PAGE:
Is Temu safe? Why its single-layer security should be a red flag to shoppers

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    Nikos Pekiaridis/NurPhoto (via Getty Images)

    Given the large amount of breach activity taking place around the world, username and password mechanisms for authentication are virtually worthless.

    Many of the breaches ZDNET has documented over the years have involved the loss of personally identifiable information and login credentials. Although some passwords are encrypted on their servers, some online operators still store passwords in free text. This is clearly not a best practice, but we know that not all companies follow it.

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    While other online activities encrypt your login credentials, encryption is still insecure. In other cases, retailers follow good security practices when it comes to encrypting user data, but breaches carried out by government-sponsored hacking operations have the resources to break even good security.

    This is where multi-factor comes into play. By requiring a second factor of authentication, what security experts call “something you have and something you know,” thieves generally will no longer be able to access your account. While these protections certainly had unfortunate workarounds, the chances of them leading to credential theft if a username and password are compromised are still significantly lower.

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    Therefore, even if a thief obtains your username and password, he or she may be blocked from accessing the online service they are attempting to compromise, even if your phone does not have an authenticator running.

    In today’s world, it’s unconscionable for online retailers to deny their customers access to multi-factor authentication.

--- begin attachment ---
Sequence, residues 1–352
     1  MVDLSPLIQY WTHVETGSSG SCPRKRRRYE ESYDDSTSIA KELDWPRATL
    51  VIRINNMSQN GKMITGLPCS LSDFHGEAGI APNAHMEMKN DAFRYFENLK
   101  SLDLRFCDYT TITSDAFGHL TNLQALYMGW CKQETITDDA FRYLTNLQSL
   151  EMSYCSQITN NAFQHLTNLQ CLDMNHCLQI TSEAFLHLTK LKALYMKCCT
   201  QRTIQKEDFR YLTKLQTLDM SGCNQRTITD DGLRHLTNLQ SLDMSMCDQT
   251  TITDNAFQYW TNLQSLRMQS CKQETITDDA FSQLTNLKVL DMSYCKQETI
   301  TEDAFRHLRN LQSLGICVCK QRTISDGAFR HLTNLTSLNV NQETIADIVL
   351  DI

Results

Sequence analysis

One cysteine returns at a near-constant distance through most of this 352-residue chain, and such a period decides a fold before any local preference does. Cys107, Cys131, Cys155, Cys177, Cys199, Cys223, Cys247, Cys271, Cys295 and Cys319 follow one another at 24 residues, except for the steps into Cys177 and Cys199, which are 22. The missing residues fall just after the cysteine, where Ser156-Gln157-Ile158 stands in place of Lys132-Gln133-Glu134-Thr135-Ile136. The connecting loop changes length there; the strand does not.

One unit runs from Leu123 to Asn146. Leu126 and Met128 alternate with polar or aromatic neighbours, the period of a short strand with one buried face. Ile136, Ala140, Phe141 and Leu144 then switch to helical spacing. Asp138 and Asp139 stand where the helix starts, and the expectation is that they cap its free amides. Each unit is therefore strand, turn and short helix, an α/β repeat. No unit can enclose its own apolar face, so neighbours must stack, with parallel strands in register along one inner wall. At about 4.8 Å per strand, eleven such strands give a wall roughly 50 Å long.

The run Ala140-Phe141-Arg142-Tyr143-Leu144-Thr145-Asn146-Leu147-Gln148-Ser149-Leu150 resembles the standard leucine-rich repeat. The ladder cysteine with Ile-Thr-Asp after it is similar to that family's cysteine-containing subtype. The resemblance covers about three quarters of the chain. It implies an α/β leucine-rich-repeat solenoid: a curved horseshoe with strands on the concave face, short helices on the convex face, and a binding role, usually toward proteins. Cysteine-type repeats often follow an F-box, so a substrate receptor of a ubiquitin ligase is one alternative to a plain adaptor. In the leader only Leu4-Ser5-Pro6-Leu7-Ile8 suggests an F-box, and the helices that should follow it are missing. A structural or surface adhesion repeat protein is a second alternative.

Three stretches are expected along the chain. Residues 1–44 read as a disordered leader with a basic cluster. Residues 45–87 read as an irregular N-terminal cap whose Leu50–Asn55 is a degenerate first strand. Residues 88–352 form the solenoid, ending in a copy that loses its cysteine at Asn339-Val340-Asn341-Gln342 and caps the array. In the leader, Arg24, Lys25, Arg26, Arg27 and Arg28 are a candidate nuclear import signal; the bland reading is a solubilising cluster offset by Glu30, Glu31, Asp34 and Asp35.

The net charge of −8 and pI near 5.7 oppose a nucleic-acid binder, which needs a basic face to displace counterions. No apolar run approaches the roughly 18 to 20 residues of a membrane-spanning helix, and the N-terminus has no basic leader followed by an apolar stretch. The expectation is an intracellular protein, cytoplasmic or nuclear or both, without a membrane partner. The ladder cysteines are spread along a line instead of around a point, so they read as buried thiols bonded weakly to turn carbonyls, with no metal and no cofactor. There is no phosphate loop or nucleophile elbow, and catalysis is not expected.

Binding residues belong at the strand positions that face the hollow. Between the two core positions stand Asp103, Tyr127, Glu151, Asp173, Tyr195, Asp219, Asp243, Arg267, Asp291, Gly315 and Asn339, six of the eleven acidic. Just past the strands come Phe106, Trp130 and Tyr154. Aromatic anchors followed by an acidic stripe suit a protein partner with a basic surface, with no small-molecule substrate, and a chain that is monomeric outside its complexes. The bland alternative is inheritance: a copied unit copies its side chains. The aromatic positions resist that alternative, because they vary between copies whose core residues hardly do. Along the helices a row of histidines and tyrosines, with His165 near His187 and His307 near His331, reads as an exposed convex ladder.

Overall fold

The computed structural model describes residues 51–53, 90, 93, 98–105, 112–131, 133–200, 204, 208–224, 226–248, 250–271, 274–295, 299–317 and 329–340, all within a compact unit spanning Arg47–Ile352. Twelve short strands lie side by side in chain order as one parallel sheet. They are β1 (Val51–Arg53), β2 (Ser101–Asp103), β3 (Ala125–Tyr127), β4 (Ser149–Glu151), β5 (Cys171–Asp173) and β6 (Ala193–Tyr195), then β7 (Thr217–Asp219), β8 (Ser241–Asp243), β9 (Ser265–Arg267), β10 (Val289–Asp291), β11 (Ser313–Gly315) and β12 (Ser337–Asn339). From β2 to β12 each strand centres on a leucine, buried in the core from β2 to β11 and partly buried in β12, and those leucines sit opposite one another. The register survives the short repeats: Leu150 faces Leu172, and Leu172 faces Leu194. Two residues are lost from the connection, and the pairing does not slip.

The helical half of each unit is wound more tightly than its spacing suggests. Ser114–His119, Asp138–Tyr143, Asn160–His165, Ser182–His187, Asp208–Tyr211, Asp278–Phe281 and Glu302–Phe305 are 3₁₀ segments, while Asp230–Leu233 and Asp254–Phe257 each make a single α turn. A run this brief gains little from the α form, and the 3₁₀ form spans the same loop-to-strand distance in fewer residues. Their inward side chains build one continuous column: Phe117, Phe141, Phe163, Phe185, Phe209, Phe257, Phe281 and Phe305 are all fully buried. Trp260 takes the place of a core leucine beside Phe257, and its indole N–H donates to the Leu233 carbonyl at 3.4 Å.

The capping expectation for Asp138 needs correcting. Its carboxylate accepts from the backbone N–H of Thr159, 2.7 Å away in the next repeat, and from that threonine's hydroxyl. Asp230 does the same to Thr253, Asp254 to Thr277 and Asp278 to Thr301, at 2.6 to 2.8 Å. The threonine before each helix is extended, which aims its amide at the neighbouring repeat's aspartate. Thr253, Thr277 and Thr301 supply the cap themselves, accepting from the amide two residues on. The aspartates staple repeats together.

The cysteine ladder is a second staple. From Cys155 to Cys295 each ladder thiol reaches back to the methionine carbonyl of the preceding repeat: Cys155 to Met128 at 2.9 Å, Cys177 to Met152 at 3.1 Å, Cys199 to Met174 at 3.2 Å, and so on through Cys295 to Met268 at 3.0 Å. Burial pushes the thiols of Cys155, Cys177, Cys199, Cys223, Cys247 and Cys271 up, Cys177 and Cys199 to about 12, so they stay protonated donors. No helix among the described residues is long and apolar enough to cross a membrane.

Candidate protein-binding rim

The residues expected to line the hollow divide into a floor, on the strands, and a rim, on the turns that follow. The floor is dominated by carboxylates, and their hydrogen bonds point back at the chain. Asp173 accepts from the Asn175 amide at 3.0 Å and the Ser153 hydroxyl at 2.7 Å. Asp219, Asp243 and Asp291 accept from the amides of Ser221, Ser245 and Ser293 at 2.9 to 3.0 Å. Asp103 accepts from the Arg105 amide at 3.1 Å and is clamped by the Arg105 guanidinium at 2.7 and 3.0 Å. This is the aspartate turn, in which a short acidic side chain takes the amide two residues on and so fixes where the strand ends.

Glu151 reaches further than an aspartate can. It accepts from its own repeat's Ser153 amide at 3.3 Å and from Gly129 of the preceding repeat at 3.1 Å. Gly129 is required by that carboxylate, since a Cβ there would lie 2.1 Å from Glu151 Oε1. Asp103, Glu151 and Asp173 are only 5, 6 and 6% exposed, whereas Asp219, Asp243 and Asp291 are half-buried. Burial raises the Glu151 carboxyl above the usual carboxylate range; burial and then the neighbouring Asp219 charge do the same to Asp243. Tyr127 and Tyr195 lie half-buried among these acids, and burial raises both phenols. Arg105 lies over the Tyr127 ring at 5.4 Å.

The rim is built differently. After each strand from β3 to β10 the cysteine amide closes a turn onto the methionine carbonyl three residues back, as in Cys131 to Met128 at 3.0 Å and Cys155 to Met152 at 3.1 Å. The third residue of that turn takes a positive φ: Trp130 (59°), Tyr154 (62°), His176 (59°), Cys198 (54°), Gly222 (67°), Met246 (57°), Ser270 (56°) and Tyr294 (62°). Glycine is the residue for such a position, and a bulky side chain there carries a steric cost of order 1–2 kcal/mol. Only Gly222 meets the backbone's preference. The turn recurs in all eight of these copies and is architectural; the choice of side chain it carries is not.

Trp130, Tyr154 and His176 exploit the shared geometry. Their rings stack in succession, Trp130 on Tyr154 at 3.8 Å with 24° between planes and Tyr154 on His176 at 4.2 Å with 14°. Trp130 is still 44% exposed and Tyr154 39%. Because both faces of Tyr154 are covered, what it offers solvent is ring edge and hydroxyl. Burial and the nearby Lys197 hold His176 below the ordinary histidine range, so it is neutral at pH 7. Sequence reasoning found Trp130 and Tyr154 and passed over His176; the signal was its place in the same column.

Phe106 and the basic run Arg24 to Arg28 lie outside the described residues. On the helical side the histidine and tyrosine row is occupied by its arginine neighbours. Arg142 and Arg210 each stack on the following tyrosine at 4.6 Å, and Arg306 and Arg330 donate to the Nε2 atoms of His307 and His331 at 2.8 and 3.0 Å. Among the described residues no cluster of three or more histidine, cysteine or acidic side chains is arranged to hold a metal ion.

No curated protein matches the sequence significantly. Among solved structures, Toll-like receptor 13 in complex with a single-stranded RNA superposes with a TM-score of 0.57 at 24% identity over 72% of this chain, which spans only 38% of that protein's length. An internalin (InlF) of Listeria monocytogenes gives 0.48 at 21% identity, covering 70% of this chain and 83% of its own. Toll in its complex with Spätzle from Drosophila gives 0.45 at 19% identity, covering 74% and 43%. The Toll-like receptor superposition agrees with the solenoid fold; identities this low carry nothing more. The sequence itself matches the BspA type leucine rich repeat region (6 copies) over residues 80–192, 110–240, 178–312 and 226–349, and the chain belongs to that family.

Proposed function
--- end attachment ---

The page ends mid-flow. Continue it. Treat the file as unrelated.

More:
Tim’s situation

    And yet there we find Tem. Surprisingly, Temu does not offer any authentication technology other than username and password.

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    Temu’s site doesn’t discuss much about Temu’s security practices other than a bunch of logos at the bottom of the page.


    Screenshot by David Gewirtz/ZDNET

    I received an email with a series of claims about Temu’s security practices and how much they care about personal information, but the basic fact is that Temu provides a second factor of authentication. It means that it is not.


    Screenshot by David Gewirtz/ZDNET

    I noticed this when trying to secure my account. We checked all the obvious locations and found no sign of an authentication device or SMS-based authentication.

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    We eventually reached out through a chat interface. I first simply asked how to set up her 2FA (two-factor authentication) on my account. I was told that that was not an option.

    Since you used an acronym for two-factor authentication in your request, I re-asked your question more clearly to confirm that there is actually no two-factor authentication feature available. As you can see from the chat below, the agent confirmed that her Temu does not offer her two-factor authentication.


    Screenshot by David Gewirtz/ZDNET

    At this point you need to choose whether or not to use Temu. Do you use it knowing that even if there is a breach, there will be no second factor preventing access, or will you stop using Temu until this issue is resolved?

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    If you wish to continue using Temu, we recommend that you take the following precautions: First, consider using a one-time use credit card like the card. Next, check your credit card weekly as recommended in this article. That way, if you receive a false charge, you’ll know right away and take corrective action.

    So, given this news, would you buy from Temu? Let us know in the comments section below.

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